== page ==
American Red Cross rescinds policy of only providing volunteers after fires in some Milwaukee neighborhoods

NOW: American Red Cross rescinds policy of only providing volunteers after fires in some Milwaukee neighborhoods

MILWAUKEE (AP) — The American Red Cross of Wisconsin said Wednesday it was reversing a new policy in Milwaukee that would have forced predominantly black and Latino residents from low-income areas to travel to receive the organization's volunteer assistance after a house fire.

Volunteers will continue going to help fire victims wherever they are in the city, the organization said in a statement Wednesday in which it apologized for the policy it briefly implemented in late December. The Red Cross had quickly faced backlash over the change, which critics said was discriminatory and favored wealthy residents.

Here is the full statement from CEO Patty Flowers:

"In an effort to continue to serve people affected by home fires, we recently implemented new procedures in Milwaukee that we now understand were insensitive to the communities we serve. We apologize for this mistake and will immediately return to the way we have responded to home fires in the past, consistent with American Red Cross practices and values nationwide. While the resource constraints we have are real, and we have experienced a shortage of volunteers, we will redouble our efforts to recruit more volunteers and work with local leaders to help us do that. The Red Cross will continue to help people in need after a home fire as soon as possible regardless of zip code."

The agency's policy called for people living in 10 ZIP codes to go to a nearby police station or a Red Cross office for help, rather than volunteers going out to homes in those areas. The organization's Milwaukee chapter had said it planned to expand the policy citywide, but it didn't provide a timeframe.

Flowers had said the group was short on volunteers and wanted to use its limited resources more efficiently, having helpers meet victims at a warm and safe location. On Wednesday, she said resource constraints remain but group will redouble its efforts to recruit more volunteers.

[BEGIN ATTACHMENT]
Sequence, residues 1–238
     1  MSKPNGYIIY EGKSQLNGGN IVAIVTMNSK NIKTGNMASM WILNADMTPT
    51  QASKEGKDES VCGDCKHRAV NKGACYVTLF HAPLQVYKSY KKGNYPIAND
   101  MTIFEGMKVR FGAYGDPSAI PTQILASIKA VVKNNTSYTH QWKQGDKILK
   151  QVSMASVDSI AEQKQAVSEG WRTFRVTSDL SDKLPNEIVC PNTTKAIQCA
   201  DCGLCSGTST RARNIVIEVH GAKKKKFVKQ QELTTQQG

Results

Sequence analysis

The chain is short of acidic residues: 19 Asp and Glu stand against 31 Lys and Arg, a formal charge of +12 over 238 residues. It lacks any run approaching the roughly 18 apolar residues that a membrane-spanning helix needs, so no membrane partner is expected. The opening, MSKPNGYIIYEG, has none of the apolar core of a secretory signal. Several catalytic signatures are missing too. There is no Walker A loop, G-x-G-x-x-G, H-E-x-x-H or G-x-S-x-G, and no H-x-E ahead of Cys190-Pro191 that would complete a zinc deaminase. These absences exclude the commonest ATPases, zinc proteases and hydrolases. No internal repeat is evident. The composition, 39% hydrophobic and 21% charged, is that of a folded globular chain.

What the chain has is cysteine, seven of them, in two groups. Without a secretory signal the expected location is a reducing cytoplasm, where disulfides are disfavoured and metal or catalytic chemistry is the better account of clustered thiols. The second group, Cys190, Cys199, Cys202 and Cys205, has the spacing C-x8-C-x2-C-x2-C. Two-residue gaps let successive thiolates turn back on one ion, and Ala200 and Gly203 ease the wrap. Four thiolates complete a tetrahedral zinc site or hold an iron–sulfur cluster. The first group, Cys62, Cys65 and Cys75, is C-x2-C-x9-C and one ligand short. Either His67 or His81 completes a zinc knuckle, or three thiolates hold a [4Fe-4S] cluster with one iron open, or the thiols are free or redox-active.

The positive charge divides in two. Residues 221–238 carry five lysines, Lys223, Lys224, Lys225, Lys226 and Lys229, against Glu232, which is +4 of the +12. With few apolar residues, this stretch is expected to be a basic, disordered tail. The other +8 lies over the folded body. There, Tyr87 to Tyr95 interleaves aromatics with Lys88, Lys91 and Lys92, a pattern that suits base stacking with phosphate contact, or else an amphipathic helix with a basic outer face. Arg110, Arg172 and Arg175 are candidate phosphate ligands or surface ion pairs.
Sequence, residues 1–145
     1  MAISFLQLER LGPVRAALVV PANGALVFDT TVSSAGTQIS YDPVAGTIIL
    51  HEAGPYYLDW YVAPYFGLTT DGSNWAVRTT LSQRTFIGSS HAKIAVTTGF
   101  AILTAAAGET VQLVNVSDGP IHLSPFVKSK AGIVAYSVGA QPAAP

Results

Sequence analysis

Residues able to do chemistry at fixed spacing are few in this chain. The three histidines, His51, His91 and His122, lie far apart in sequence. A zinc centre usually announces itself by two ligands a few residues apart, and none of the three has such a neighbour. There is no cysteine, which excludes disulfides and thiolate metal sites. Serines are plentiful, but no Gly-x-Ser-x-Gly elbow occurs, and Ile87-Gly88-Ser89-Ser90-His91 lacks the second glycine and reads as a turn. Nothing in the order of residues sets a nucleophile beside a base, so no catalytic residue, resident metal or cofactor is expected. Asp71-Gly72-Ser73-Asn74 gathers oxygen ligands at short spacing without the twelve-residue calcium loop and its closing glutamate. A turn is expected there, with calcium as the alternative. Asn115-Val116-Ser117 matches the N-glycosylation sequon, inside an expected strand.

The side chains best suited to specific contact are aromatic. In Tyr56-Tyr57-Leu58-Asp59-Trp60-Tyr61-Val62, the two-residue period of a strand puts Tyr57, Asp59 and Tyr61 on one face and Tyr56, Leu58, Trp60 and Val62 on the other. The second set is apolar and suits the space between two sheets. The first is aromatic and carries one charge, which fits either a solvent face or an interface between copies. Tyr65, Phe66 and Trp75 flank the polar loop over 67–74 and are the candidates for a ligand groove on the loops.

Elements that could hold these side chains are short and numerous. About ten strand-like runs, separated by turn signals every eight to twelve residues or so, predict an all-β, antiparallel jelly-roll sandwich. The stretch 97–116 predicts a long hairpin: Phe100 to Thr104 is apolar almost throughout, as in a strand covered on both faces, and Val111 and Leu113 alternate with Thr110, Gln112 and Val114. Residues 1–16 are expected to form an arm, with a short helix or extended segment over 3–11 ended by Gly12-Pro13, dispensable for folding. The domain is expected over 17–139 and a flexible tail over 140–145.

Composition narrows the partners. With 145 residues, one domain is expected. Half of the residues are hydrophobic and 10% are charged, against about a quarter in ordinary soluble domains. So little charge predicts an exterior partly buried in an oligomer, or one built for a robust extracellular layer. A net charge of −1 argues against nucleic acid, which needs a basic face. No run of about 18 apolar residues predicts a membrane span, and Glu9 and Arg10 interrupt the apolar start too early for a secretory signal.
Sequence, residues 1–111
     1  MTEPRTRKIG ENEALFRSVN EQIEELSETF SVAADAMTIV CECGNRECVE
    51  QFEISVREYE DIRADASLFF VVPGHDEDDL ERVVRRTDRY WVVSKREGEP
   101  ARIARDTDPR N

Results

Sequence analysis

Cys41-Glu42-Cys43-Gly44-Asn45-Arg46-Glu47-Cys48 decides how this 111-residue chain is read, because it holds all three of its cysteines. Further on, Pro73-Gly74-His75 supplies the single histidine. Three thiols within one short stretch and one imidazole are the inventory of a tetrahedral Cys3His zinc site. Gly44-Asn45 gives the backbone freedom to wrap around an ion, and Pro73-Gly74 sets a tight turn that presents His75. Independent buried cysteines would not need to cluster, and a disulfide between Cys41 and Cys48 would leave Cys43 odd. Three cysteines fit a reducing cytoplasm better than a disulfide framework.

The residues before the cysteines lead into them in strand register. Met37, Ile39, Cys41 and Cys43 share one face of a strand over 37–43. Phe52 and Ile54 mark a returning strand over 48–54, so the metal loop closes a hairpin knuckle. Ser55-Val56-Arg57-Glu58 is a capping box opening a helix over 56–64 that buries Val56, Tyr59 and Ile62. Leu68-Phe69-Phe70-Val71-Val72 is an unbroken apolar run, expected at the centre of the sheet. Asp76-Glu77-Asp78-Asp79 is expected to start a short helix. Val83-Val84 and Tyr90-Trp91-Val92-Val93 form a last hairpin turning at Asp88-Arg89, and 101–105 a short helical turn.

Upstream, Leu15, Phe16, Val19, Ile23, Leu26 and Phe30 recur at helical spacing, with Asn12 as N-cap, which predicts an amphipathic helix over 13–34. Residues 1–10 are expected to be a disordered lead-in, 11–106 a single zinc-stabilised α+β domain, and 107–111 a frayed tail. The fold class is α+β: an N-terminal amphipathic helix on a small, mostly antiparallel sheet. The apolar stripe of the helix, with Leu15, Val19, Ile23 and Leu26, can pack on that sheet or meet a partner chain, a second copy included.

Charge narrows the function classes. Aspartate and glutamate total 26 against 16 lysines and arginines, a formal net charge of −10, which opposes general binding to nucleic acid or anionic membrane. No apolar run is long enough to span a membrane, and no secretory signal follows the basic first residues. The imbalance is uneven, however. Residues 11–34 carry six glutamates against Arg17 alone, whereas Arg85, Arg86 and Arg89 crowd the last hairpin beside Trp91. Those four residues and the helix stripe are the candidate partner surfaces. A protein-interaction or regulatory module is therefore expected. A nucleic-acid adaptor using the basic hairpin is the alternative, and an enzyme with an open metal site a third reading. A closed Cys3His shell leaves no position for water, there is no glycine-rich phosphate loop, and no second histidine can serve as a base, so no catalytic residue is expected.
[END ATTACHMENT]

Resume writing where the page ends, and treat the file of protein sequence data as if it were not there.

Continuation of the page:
The Red Cross provides fire victims a place to sleep, food and water, health services including mental health, and help filling out prescriptions among other things.

Elected officials had criticized the new policy.

"The optics of it is classic red-lining. It's not simply a race issue. I would say it's a class issue," said Alderman Khalif J. Rainey, who represents one of the ZIP codes affected by the since-thwarted policy.

Under the initial rollout of the policy, more affluent and largely white areas downtown and along the city's lake shore were not impacted.

"This was a situation where initially they made a decision and they didn't, I think, understand the ramifications of the decision and how it would be perceived," Mayor Tom Barrett said Wednesday after the Red Cross' announcement.

Barrett said the agency was "operating in goodwill" and with the change "recognized that this was not what they intended."

He said they're looking at the issue as an opportunity to recruit more volunteers.

The Milwaukee Red Cross chapter had said the 10 ZIP codes it chose for initial implementation of the policy were simply the busiest. They spanned the majority black north side of the city and southern neighborhoods largely populated by Latinos. In one ZIP code on the north side, 53206, nearly half of the residents live below the poverty level.

"I don't want a differentiation based on where someone lives and to me I thought that was the perception and in a sense a reality," Barrett said.

Some of the ZIP codes also have among the highest crime rates in the city, leading some aldermen to speculate that the Red Cross may also be concerned about volunteer safety. But Flowers has insisted that was not the motivating factor.

Rainey said before the organization's reversal that city residents should be "extended the basic courtesy" of having a volunteer meet them in person.

"Considering the Red Cross is an organization that goes into war-torn countries," he said. "To actually think that they would discontinue the service of comforting families who may have experienced the greatest loss of their life, it was very disturbing."


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